[In the 21st century, and after the Industrial Revolution, temperatures began to rise at a much quicker rate as CO2 levels have also increased]
View the full infographic at sciencealert.com
Over the last few thousand years … which includes most recorded human history … [Earth’s] climate [has been] unusually stable.
Earth’s Climate The Last 650,000 To 1 Million Years
The data below might illustrate that, in the last 650,000 to 1 million years:
– Earth has gone through seven to ten relatively predictable ice age cycles, where the global temperature has also risen and fallen in a relatively predictable way along with these cycles
– The last ice age came to an abrupt end, where Earth then transitioned to the modern climate we see today
Last 650,000 Years
Just in the last 650,000 years there have been seven cycles of glacial advance and retreat, with the abrupt end of the last ice age about 7,000 years ago marking the beginning of the modern climate era — and of human civilization.
Last 800,000 To 1 Million Years
science.org.au has a graph showing the last 800,000 years of globally averaged surface temperature:
‘Over the past million years, Earth’s globally averaged surface temperature has risen and fallen by about 5˚C in ice-age cycles, roughly every 100,000 years or so … ‘
Also from science.org.au:
[Earth’s climate has] gone through ten major ice age cycles over approximately the past million years …
Earth’s Climate Millions Of Years Ago, & Beyond
The data below might illustrate that, in the 1 million plus years:
– About 3 million years ago, temperatures might have been warmer than they are now, and the last 3 millions years in general might have consisted of cycles of both colder and warmer periods
– About 10 to 15 million years ago, temperatures might have been warmer than they are now
– Beyond 10 to 15 million years ago, temperature fluctuations might have been substantial and extreme in some instances
– Overall, projections about the Earth’s climate a million plus years ago, and especially hundreds of millions of years ago or more, might contain a lot of speculation, as well as be more qualitative in nature
Under 10 Million Years Ago
The last 3 million years have been characterized by cycles of glacials (colder periods) and interglacials (warmer periods) that are part of a deepening phase within a prolonged ice age. (wikipedia.org)
Several million years ago … global average temperature was a few degrees higher than today and warm, tropical waters reached much farther from the equator, resulting in very different patterns of ocean and atmospheric circulation from today (science.org.au)
… around 3 million years ago … Arctic temperatures were 11 to 16°C warmer … Global temperatures over this period is estimated to be 3 to 4°C warmer than pre-industrial temperatures (skepticalscience.com)
10 To 15 Million Years Ago
[it is estimated that] 10 to 15 million years ago temperatures were substantially warmer than they are now [and, humans didn’t exist at this point in time] (climatecentral.org)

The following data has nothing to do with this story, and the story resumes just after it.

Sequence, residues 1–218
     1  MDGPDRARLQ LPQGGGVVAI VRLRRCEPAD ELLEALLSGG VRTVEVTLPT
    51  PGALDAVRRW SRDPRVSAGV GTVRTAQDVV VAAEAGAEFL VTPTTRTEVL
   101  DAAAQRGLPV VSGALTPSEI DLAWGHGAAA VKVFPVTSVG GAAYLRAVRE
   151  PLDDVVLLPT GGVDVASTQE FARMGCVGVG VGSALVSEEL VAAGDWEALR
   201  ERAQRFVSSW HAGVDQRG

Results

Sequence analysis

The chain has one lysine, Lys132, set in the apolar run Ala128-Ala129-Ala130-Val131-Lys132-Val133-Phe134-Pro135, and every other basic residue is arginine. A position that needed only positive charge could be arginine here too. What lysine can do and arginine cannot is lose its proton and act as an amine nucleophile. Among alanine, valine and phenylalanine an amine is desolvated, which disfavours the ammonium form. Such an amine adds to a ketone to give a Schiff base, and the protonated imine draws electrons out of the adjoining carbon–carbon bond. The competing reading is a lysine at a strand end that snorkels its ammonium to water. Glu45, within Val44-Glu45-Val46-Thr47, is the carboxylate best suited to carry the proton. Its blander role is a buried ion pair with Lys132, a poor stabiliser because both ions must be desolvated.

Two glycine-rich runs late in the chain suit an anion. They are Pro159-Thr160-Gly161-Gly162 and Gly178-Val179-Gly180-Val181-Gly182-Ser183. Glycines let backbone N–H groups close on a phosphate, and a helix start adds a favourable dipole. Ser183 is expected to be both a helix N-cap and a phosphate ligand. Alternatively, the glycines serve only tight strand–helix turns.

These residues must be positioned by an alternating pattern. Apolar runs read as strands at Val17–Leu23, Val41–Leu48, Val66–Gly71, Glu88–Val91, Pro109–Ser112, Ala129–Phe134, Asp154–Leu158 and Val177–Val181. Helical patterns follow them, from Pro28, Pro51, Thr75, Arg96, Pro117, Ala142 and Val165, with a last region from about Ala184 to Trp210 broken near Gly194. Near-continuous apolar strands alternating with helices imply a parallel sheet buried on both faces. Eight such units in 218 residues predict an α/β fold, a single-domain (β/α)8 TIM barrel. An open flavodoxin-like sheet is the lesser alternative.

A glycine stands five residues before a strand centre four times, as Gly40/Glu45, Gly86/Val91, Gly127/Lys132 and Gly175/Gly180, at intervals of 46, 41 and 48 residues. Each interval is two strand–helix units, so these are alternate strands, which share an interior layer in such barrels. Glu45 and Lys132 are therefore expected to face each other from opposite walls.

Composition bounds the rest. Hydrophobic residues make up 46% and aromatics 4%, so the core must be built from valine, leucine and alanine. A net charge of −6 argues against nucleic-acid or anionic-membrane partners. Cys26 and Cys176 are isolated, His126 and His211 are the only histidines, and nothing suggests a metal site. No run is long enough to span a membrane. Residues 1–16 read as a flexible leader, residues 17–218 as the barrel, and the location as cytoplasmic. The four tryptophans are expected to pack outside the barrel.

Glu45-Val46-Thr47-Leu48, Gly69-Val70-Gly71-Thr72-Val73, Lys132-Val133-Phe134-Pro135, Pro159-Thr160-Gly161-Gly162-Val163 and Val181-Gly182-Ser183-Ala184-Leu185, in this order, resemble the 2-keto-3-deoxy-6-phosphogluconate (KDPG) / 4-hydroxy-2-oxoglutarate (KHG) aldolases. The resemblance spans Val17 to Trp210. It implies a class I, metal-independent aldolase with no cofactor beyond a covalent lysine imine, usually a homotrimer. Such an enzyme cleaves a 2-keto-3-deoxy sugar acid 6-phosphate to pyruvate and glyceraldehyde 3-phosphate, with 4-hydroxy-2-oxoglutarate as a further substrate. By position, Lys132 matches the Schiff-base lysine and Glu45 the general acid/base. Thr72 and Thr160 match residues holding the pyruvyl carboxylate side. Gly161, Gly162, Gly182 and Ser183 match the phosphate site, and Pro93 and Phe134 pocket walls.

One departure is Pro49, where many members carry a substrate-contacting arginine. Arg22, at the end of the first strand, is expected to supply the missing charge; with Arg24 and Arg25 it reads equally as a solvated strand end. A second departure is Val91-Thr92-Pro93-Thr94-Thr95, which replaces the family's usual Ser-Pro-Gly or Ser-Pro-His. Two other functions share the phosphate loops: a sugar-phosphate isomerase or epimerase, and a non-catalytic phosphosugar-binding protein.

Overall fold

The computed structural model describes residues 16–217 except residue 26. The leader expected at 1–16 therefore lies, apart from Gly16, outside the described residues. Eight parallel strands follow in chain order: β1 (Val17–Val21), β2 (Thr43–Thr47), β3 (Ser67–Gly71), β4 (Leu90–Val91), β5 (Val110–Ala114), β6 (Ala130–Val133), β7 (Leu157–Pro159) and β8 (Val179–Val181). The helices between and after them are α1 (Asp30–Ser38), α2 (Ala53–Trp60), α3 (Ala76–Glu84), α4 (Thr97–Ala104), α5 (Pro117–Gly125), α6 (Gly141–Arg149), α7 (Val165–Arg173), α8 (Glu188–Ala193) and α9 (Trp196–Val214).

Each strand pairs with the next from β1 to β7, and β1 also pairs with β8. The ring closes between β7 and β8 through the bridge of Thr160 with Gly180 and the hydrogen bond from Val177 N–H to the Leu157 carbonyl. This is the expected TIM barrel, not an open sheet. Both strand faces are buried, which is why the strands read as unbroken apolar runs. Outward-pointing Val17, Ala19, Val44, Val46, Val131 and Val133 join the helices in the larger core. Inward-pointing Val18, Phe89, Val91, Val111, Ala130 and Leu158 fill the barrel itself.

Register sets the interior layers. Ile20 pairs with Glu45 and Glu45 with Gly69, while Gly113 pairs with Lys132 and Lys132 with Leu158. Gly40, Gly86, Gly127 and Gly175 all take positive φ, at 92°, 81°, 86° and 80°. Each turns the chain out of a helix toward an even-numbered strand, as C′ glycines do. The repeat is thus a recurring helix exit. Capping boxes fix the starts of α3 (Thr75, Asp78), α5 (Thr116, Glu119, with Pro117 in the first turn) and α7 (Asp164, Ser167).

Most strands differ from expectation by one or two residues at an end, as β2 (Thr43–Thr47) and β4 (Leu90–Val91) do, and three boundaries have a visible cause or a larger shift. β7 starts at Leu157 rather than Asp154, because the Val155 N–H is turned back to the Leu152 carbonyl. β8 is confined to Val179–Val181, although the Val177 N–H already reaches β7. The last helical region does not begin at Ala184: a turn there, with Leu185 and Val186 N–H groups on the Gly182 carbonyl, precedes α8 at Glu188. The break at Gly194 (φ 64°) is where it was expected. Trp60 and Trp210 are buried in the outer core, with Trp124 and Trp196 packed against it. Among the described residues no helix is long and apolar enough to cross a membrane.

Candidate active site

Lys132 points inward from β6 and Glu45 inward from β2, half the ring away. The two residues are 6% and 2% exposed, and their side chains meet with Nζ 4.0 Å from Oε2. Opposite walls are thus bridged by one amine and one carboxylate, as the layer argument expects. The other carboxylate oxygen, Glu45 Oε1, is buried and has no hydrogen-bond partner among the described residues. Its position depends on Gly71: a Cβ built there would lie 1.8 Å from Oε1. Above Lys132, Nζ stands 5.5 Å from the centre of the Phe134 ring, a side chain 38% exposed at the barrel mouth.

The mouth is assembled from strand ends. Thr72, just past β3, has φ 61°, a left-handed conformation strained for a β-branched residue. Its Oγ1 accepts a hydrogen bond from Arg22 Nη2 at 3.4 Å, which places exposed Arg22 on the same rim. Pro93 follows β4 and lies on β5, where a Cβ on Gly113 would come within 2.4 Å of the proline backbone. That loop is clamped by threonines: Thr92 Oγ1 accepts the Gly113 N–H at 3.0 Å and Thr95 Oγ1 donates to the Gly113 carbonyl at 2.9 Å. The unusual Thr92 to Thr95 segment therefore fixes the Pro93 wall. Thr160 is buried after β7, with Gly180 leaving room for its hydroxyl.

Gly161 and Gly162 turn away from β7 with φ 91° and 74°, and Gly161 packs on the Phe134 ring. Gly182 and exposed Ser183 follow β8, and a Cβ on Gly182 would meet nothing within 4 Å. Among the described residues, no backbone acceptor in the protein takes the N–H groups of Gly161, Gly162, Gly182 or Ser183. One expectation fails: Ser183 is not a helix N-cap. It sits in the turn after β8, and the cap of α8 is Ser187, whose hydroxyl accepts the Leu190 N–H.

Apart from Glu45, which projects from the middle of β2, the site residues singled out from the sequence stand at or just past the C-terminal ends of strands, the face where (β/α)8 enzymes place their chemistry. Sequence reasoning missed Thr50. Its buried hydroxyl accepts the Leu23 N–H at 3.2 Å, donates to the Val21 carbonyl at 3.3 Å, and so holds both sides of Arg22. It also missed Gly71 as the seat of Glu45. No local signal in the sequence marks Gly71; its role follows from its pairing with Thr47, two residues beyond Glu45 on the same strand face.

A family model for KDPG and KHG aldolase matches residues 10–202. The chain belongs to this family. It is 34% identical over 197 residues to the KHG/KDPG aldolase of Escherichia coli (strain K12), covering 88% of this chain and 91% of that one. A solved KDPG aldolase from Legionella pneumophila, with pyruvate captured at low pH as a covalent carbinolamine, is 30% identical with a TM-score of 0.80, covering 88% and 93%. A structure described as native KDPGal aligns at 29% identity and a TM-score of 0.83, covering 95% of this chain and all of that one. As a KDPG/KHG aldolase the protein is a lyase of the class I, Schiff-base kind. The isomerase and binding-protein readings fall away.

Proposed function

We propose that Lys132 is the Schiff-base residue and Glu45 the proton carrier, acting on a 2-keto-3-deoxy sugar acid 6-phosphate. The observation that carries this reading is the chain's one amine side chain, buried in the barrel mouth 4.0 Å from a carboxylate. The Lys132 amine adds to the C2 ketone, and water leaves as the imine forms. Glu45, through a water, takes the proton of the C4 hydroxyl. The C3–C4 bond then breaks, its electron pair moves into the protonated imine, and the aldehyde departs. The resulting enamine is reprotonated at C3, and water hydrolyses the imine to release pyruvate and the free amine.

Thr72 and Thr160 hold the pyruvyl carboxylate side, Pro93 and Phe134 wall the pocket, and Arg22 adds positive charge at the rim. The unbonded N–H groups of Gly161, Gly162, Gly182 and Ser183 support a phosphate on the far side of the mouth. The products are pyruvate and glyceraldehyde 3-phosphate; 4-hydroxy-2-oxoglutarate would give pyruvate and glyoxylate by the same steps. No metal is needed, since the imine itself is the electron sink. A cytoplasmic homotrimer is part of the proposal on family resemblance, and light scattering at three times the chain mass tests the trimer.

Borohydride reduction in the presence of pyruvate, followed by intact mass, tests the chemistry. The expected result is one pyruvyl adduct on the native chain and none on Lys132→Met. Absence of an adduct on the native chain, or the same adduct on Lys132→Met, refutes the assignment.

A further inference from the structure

Up To Hundreds Or Thousands Of Millions Of Years Ago
Prior to 5 million or 100 million years ago [… guesses about climate patterns are] more … qualitative [or] more approximate (and not as accurate) …
The following three reports available at wikipedia.org have various images which attempt to reconstruct or estimate Earth’s temperatures and climate at various periods going up to hundreds of millions of years back:
‘Earth’s Global Temperature Record’
‘Earth’s Geologic Temperature Record’
‘Earth’s Global Average Surface Temperature’
wikipedia.org includes descriptions about Earth’s climate at the following time periods (paraphrased and summarised):
40 Million Years Ago (there may have been a more extended ice age began around this time)
65 Million Years Ago (there may have been abrupt thermal spikes around this time caused by the release methane)
66 to 100 Million Years Ago (average global temperatures may have reached some of their highest in the last 200 million years)
542 Million Years Ago (may have been fluctuating temperatures during this time)
1000 Million Years Ago (there may have been two or more major glaciations at this time)
Prior To 1000 million years ago, wikipedia.org specifically mentions:
‘… evidence of temperature changes and glaciation is usually too scattered and sporadic to draw firm conclusions though it seems likely that temperature fluctuations were also substantial during this period [and temperatures could have been much higher than today]’
The Last Billions Of Years
Earth’s climate has changed dramatically many times since the planet was formed 4.5 billion years ago (science.org.au)
How Warm Did Earth’s Climate Get Throughout History?
As we mentioned above, determining Earth’s climate millions of years ago might involve speculation.
So, the following data may be more speculative than definitive.
However, wikipedia.org has some information of what might have been some of the warmest periods in Earth’s history.
Those times might have been around:
– 65 millions years ago
– 66 to 100 million years ago
– 100 million to 542 million years ago
– Additionally, some abrupt climate change events in the past, which we list further below in this guide, may have pushed temperatures up relatively high
Some of the data below suggests temperatures could have been up to 8 degrees celsius higher than today’s temperature
The following information is from wikipedia.org …
About 65 million years ago
During the PETM [period], the global mean temperature seems to have risen by as much as 5-8 °C (9-14 °F) to an average temperature as high as 23 °C (73 °F), in contrast to the global average temperature of today at just under 15 °C (60 °F) (wikipedia.org)
About 66 to 100 million years ago
During the later portion of the Cretaceous … average global temperatures reached their highest level during the last ~200 million years (wikipedia.org)
About 100 million to 542 million years ago
[At this time, there might have been periods …] of fluctuating temperature between ice ages, such as the current age, and “climate optima”, similar to what occurred in the Cretaceous [which is outlined above … and] Roughly 4 such cycles have occurred during this time with an approximately 140 million year separation between climate optima.
What We Use To Determine Or Guess Earth’s Climate & Temperature From The Past
More modern devices and technology have been used to collect data on Earth’s temperature/climate in the last few hundred years.
Since around 1850 thermometers started to be used, and in more recent times, more advanced technology like satellites and balloons have been used.